April 3, 2007
Ever wonder what the difference is between a private and public company? A private company is one that's privately owned -- usually by one or a few people. Its owners don't have to reveal much about their business, and most of us investors can't invest in it.
A public company is one that has sold a portion of itself to the public via an initial public offering (IPO) of some shares of its stock. Therefore, it probably has hundreds or thousands of co-owners. If it's an American company trading on American stock exchanges, it's required, among other things, to file quarterly earnings reports with the Securities and Exchange Commission (SEC). These are also made available to shareholders and the public. A public company can't keep mum about how much it made in sales last year. It must report information like that -- its revenues, cost of sales, tax expenses, administration costs, debt load, cash level, and so on.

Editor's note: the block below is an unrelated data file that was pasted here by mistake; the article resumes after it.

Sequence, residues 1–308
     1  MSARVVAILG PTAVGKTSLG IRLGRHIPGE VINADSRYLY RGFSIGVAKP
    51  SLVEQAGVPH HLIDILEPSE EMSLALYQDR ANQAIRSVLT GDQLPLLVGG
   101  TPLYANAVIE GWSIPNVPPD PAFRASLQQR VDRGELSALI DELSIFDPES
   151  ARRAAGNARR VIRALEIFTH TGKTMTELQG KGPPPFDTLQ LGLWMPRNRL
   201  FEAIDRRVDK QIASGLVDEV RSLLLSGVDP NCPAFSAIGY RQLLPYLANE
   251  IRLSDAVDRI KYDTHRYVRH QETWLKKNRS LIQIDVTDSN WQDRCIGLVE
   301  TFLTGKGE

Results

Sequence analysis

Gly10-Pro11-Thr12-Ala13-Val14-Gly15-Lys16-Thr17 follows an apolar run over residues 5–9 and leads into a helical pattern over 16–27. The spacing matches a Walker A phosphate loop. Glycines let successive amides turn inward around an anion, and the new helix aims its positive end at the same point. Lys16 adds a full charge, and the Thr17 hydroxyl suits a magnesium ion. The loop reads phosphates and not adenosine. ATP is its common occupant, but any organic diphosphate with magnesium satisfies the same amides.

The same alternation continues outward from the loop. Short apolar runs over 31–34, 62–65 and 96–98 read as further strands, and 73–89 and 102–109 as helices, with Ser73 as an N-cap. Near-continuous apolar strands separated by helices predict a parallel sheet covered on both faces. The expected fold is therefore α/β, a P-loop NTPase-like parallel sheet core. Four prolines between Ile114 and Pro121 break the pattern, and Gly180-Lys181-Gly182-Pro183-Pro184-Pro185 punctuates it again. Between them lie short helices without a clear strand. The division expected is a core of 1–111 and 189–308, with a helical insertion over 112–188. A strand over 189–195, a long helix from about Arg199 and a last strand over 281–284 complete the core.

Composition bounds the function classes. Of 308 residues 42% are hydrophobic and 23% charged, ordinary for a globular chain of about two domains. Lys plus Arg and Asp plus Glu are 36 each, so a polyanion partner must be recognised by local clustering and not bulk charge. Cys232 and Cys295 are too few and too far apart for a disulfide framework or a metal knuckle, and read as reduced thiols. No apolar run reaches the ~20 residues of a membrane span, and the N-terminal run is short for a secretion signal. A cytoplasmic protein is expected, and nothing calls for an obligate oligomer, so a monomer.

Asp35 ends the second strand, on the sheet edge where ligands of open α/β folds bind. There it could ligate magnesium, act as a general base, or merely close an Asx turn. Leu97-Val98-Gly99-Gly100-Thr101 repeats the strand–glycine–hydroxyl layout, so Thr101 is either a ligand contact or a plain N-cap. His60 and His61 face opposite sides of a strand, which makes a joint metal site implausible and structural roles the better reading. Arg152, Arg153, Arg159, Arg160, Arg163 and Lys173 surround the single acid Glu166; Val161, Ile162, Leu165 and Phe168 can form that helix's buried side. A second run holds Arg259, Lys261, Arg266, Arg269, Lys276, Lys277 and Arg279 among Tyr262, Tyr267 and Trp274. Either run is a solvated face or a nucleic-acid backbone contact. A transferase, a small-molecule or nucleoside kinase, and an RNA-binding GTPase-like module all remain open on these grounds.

Many major companies are private. From sandwich franchiser Subway to candy maker M&M Mars, from Fidelity Investments parent FMR Corp. to Hallmark Cards, you'll find large private companies in nearly every industry. With the recent upsurge in private equity activity, you're seeing more companies going private every day. Some private companies offer shares to employees, but individual investors are out of luck.
Just because an old, established firm is private doesn't mean it'll always be private. Investors looking to cash in often take firms public through initial public offerings. Recent IPOs of major companies include MasterCard (NYSE: MA ) and Burger King (NYSE: BKC ) . Levi Strauss, once private, went public only to go private again.
For most investors, if you'd like to make money in stocks, you'll need to stick to public companies. Each month, the Fool's stock newsletters pick promising companies that are open to all investors. For a sample, take a free 30-day spin with no obligation.
Longtime Fool contributor Selena Maranjian does not own shares of any companies mentioned in this article. The Fool has a disclosure policy.